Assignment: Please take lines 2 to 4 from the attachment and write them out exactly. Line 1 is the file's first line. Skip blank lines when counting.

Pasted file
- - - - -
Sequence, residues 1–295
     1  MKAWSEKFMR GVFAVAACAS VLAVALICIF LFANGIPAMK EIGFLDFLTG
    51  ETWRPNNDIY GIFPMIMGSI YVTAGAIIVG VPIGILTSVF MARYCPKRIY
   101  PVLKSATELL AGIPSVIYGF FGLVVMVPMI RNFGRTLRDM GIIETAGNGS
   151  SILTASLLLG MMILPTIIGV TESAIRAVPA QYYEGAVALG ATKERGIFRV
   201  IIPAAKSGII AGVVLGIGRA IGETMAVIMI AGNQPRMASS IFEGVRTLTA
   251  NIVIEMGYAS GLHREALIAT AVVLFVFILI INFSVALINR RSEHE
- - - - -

     1  MKAWSEKFMR GVFAVAACAS VLAVALICIF LFANGIPAMK EIGFLDFLTG
    51  ETWRPNNDIY GIFPMIMGSI YVTAGAIIVG VPIGILTSVF MARYCPKRIY
   101  PVLKSATELL AGIPSVIYGF FGLVVMVPMI RNFGRTLRDM GIIETAGNGS